Dan Crosby, Local Energy $olutions
We have no oil furnace. Instead, we heat our 1900 sq. ft. home in Bethlehem, NH by burning 3.5 to 4 cords of wood each year in our masonry heater. A masonry heater is an option that I would encourage everyone to consider for a newly constructed home, and it may also be an option for retrofitting an existing home. We rely on our masonry heater to keep our house warm, but many people who have masonry heaters do have another heating system. If they are away for multiple days in the winter, their other system can keep their house warm. Once back home, however, using the masonry heater causes the other system to run much less, or not at all.
So, what is a masonry heater? Its core, which can withstand very high-temperature fires, is surrounded by some type of facing material, such as brick. The exhaust does not go directly from firebox to chimney, but takes a much longer path through heat-exchange channels in the core, thereby heating the large thermal mass of the heater. This heat is then released evenly between the, at most, twice-a-day burns. Depending on the outside temperature, sometimes we burn just once a day. Twice a day is typical for us in midwinter.
A masonry heater offers several advantages. The rapid, hot burn of the wood allows a more complete burn, reducing the amount of wood needed to produce the same amount of heat as compared to a metal wood stove. The hot, clean burn means less frequent chimney cleanings. In 17 years, I have never had to clean our chimney. Also, with the exception of the metal and glass of the fire box door during and right after a burn, the surface temperature of the heater never gets so hot as to cause burns from a quick touch. In fact, it is very pleasant to lean right against the heater during a cold winter evening. Since a glass door for the fire box is common, and a typical burn may last 1.5 to 2 hours before we close our chimney-top damper, we have ample opportunity to enjoy the fire. Masonry heaters are attractive, too. They can look quite different depending upon what material is used for the outer layer. Brick, soapstone, adobe, fieldstone, river stone are just some examples. If you want to, your design can also include heated benches.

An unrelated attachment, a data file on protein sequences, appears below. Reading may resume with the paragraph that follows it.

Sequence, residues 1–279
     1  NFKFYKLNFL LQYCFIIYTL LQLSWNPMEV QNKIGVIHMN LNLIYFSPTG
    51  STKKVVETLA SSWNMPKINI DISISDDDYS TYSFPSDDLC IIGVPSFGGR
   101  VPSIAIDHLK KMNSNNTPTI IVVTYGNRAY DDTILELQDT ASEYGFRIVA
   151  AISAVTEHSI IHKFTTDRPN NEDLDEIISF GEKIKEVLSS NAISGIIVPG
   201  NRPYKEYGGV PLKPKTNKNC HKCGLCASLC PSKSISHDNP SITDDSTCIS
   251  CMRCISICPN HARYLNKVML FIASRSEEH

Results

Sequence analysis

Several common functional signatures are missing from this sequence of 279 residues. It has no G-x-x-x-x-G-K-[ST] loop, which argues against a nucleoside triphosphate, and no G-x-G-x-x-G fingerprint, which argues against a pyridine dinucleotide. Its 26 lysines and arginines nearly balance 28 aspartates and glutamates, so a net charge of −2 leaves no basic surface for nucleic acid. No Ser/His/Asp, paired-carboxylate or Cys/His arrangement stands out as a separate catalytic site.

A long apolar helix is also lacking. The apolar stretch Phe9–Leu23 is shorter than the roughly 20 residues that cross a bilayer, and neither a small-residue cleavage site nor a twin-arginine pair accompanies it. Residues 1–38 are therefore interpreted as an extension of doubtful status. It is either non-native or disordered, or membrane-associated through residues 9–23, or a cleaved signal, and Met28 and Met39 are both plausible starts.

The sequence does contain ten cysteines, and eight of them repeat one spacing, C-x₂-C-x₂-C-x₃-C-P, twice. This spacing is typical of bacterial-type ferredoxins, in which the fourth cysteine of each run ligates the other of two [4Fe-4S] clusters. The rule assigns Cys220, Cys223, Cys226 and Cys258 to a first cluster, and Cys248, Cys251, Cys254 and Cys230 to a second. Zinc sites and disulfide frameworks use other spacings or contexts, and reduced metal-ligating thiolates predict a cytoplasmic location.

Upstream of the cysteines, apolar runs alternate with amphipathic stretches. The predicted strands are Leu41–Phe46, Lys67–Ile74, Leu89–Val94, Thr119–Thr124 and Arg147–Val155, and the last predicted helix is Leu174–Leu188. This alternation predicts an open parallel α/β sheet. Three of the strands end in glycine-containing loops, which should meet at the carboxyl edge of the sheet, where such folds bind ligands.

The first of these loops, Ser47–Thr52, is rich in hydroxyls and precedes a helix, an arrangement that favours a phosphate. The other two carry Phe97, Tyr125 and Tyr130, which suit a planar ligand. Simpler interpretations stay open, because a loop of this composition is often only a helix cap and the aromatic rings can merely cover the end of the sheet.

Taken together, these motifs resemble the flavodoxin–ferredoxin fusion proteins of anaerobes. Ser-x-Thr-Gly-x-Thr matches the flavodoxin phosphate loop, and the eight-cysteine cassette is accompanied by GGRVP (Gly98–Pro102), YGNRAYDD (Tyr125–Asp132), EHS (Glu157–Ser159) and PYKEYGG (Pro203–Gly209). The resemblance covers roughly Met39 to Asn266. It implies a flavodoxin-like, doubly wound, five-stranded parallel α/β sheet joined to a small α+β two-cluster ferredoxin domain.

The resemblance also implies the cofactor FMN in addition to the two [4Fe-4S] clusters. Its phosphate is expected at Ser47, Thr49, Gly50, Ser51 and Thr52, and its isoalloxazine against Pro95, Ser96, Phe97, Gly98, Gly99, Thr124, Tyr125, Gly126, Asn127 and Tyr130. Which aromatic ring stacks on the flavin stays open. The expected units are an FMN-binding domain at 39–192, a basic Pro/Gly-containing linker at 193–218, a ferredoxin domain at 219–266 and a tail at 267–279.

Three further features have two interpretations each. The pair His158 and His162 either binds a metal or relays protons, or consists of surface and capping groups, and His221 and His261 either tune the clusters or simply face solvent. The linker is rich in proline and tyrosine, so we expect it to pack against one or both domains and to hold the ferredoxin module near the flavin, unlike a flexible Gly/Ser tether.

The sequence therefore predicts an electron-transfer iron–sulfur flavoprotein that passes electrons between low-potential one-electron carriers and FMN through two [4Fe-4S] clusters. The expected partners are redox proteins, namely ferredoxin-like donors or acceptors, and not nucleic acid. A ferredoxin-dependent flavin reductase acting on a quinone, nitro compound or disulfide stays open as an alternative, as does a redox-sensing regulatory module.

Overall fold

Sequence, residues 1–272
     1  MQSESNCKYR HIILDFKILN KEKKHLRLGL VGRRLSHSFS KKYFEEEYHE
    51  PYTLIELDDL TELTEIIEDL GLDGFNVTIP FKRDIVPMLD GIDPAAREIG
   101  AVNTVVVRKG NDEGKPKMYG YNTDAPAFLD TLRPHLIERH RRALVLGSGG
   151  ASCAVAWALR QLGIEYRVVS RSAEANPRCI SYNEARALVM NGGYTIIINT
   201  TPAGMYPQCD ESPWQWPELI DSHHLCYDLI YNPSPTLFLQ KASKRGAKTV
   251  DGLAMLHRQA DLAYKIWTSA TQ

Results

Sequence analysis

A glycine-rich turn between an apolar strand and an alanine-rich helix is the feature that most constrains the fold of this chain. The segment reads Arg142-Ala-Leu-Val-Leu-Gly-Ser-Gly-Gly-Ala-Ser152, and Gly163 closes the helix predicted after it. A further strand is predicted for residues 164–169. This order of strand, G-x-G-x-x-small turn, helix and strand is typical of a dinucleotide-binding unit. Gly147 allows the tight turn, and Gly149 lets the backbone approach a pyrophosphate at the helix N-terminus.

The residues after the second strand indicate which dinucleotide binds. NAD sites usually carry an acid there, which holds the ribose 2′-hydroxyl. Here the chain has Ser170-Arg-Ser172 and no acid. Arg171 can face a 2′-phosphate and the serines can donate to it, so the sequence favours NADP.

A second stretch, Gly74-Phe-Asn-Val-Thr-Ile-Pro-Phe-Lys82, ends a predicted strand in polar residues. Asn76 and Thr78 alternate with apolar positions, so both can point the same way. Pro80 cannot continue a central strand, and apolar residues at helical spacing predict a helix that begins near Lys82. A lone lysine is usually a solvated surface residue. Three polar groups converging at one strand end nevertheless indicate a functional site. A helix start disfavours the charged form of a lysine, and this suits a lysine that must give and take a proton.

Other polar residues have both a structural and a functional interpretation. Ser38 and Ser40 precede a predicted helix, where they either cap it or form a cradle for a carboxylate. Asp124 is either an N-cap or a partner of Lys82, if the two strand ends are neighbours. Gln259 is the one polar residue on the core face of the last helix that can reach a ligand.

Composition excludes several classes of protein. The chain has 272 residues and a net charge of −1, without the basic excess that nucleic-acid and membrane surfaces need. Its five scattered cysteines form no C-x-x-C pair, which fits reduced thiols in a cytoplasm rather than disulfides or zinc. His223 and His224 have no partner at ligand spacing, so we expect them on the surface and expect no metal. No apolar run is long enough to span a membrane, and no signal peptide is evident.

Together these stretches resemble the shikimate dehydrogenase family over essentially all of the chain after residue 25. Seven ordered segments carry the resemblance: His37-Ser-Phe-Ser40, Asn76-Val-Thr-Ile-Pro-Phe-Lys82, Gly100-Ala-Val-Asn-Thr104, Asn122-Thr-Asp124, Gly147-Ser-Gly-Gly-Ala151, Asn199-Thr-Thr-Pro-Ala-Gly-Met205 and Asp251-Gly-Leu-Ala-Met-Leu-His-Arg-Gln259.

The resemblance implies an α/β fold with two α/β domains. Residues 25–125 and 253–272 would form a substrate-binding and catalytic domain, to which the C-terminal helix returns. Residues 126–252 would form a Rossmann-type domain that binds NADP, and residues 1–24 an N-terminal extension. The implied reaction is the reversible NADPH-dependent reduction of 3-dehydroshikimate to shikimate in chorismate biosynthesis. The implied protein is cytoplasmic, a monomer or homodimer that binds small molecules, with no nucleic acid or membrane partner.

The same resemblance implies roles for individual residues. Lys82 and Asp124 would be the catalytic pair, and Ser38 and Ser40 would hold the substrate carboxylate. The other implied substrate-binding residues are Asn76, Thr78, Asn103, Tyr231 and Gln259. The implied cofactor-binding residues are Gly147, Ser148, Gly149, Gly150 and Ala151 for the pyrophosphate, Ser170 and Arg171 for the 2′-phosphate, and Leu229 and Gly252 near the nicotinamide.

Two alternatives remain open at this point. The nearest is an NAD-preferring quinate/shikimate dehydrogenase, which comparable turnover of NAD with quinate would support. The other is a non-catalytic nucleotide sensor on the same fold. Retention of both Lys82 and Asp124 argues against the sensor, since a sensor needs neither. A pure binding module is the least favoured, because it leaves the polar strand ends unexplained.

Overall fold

How about the cost? The initial cost of a masonry heater is more than, say, an oil furnace, but then costs less for fuel. Our brick-faced, relatively simple, masonry heater cost about $13,500, including its foundation, the heater core, facing material, and a two-flue chimney I asked them to build. Let’s assume we use four cords of wood per year, which is equivalent to about 700 gallons of heating oil. Since I work up our wood myself, our wood is “free” (Hmm…). If we had purchased wood at $200 per cord, our annual costs would have been $800.
If we had installed a new oil furnace, our initial investment would have been much lower, but our annual fuel costs would have been much higher. A new oil furnace installation would only have cost around $4000, less than a third of the cost of our masonry heater. However, we would have used about 700 gallons of fuel oil each year. Using the average cost of heating fuel from 2001 to 2018 (about $3.00/gallon according to the NH Dept. of Energy), we can do a rough comparison of my actual costs for heating my home using the masonry heater with what it would have cost if I had installed an oil furnace.
So, my actual cost for heating my home with the masonry heater was just the initial cost of the heater: $13,500. If I had actually bought four cords of wood each year at $200/cord, then my cost for fuel over 17 years would have been $13,600 (17 years *4 cords per year * $200 per cord). The total cost would have been about $27,000. If we had instead installed an oil furnace for $4,000, we would have paid another $2,100 annually for fuel oil. Over the course of 17 years, we would have spent roughly $36,000 for 12,000 gallon of fuel oil, and our total cost would have amounted to nearly $40,000. So, a masonry heater can definitely make economic as well as environmental sense. It can even make sense as a retrofit. How much and which type of fuel you use and to what degree you use your masonry heater instead of your current system will influence your payback time.
For more information about masonry heaters, including a gallery of photos, check out the website of the Masonry Heater Association of North America (https://www.mha-net.org).
Dan Crosby, lives in Bethlehem, NH. He is a member of the Ammonoosuc Regional Energy Team, an all-volunteer non-profit organization that encourages and supports economically and environmentally sensible energy practices in the Ammonoosuc region of northern New Hampshire. For more information about ARET and local energy solutions, go to www.ammenergy.org.
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